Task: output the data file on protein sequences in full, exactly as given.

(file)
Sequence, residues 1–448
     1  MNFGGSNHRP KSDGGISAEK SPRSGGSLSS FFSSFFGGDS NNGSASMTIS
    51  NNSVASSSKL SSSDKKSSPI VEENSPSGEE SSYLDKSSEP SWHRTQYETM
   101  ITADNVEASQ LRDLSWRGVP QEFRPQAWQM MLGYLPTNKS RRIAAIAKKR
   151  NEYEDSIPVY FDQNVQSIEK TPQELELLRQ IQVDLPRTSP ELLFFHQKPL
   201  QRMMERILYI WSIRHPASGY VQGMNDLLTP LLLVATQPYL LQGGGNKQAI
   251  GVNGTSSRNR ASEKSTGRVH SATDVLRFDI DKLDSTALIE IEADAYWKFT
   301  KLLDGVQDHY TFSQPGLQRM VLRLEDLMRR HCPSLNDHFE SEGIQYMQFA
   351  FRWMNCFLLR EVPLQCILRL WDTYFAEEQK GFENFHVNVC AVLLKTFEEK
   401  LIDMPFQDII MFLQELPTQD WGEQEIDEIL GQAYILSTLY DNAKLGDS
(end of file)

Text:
Sequence, residues 1–448
     1  MNFGGSNHRP KSDGGISAEK SPRSGGSLSS FFSSFFGGDS NNGSASMTIS
    51  NNSVASSSKL SSSDKKSSPI VEENSPSGEE SSYLDKSSEP SWHRTQYETM
   101  ITADNVEASQ LRDLSWRGVP QEFRPQAWQM MLGYLPTNKS RRIAAIAKKR
   151  NEYEDSIPVY FDQNVQSIEK TPQELELLRQ IQVDLPRTSP ELLFFHQKPL
   201  QRMMERILYI WSIRHPASGY VQGMNDLLTP LLLVATQPYL LQGGGNKQAI
   251  GVNGTSSRNR ASEKSTGRVH SATDVLRFDI DKLDSTALIE IEADAYWKFT
   301  KLLDGVQDHY TFSQPGLQRM VLRLEDLMRR HCPSLNDHFE SEGIQYMQFA
   351  FRWMNCFLLR EVPLQCILRL WDTYFAEEQK GFENFHVNVC AVLLKTFEEK
   401  LIDMPFQDII MFLQELPTQD WGEQEIDEIL GQAYILSTLY DNAKLGDS